Hold on; don't run away because you read the words "alpha channel." The masks you may already take for granted are actually stored in alpha channels. Both masks and channels are greyscale images, which means you can edit them with various bitmaps tools. (More on masks and channels here.) There's nothing to get intimated about, even if you've never (knowingly) created an alpha channel.

Why are we creating this alpha channel? Well, we need to apply the Gen-Fill effect to the entire canvas, without eliminating the original image. If we just selected the entire image (Ctrl/Command+A) and used Generative Fill with a prompt like "abstract oil painting," the entire photo would be replaced based on that prompt. My swans would be gone! One result is below. It's certainly an abstract oil painting, but there is not a bird to be seen. I suspect fowl play...Sorry, couldn't resist.
57 Channels and Nothin' On...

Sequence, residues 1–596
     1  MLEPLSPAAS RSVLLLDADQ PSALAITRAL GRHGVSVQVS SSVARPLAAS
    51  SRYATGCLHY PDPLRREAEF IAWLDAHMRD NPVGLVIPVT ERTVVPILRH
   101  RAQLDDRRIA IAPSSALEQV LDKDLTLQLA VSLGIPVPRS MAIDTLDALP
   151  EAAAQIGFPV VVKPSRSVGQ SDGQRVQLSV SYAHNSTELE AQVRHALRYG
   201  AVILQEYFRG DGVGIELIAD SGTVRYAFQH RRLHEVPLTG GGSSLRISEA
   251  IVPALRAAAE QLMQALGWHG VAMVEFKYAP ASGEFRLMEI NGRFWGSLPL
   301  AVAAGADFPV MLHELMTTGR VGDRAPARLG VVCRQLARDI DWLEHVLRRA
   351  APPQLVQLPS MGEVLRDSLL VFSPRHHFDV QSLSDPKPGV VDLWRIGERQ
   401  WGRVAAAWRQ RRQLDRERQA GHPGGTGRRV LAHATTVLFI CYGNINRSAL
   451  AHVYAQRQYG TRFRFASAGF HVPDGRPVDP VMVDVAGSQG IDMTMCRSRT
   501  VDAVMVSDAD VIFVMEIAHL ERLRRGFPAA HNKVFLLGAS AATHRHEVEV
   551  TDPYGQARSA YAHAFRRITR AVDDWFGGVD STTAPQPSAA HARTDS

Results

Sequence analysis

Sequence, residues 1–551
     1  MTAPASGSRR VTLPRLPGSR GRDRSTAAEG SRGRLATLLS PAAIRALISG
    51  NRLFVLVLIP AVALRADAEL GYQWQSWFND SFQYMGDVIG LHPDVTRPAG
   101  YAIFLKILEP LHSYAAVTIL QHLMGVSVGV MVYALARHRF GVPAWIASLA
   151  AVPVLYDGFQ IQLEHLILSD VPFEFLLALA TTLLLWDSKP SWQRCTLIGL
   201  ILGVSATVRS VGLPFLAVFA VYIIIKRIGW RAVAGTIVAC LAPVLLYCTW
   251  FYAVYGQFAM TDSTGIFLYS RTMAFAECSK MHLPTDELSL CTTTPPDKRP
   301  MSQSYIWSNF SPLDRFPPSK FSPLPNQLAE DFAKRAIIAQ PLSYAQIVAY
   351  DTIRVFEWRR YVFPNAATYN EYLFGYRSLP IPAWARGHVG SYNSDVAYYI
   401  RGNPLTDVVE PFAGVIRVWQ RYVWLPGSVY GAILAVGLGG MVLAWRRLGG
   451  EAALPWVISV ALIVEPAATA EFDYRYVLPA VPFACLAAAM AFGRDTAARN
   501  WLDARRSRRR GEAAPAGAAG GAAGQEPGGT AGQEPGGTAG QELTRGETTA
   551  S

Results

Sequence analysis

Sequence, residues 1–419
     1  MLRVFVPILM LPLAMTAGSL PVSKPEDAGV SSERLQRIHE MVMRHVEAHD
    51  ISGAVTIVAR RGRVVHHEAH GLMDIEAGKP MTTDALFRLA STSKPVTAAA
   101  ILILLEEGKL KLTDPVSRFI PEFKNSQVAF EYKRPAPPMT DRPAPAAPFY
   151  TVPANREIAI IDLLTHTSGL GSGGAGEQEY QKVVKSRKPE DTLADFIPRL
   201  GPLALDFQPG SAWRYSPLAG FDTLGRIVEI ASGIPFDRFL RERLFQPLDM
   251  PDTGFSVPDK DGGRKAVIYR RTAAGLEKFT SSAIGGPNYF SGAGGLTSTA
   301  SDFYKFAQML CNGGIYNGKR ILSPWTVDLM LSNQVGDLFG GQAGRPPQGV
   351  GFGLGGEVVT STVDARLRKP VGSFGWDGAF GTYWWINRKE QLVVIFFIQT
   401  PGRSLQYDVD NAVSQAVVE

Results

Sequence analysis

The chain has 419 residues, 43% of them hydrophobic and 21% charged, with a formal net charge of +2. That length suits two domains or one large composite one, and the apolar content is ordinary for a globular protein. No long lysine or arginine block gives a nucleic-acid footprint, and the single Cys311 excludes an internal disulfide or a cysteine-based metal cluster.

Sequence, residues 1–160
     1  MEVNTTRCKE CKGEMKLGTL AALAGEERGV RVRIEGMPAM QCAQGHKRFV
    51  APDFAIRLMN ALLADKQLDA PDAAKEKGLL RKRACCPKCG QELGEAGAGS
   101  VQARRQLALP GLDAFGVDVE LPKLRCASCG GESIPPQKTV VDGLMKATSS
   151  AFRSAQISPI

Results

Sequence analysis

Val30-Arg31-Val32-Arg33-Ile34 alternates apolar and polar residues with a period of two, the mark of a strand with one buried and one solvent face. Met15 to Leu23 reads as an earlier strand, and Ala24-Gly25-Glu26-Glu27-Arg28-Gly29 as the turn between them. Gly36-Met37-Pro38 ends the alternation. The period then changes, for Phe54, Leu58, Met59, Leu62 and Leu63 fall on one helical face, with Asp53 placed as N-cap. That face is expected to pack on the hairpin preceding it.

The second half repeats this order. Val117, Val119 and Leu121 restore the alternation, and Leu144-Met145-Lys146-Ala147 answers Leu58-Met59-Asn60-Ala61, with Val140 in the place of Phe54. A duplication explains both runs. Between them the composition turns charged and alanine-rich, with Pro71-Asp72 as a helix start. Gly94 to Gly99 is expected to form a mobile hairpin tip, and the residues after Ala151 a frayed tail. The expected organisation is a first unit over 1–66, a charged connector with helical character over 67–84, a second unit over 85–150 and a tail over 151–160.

Not the case, here, my friends!

By creating an alpha channel at 40% brightness, we can make a selection that only selects a percentage of the pixels in the image, letting our original image become part of the Gen-Fill effect. Seeing is believing, so follow along.
1- Select the Channels panel. It's usually part of the same group as the Layers panel.
2 - Click the New Channel icon at the bottom of the panel.
Adjust the Fill of the Alpha Channel
3 - Select the entire canvas area by pressing Crtl/Command+A
4 - Choose Edit > Fill and choose Color for the Contents.
5 - Set the Brightness to 40%. Because we're in a greyscale channel, the actual color is irrelevant.
6 - Click OK, then Ok again. Your black alpha channel is now filled with 40% grey.
Create a Selection
Now we want to create a selection from the alpha channel. 

7 - Hold down the Ctrl key (Windows) or the Command key (Mac) and click on the alpha channel thumbnail. A warning dialog box will appear. This is to be expected. Just click OK to dismiss the dialog.
8 - With the selection created (you won't see the marching ants because less than 50% of the pixels are selected), click on the RGB channel.
Generate Some Magic with Generative Fill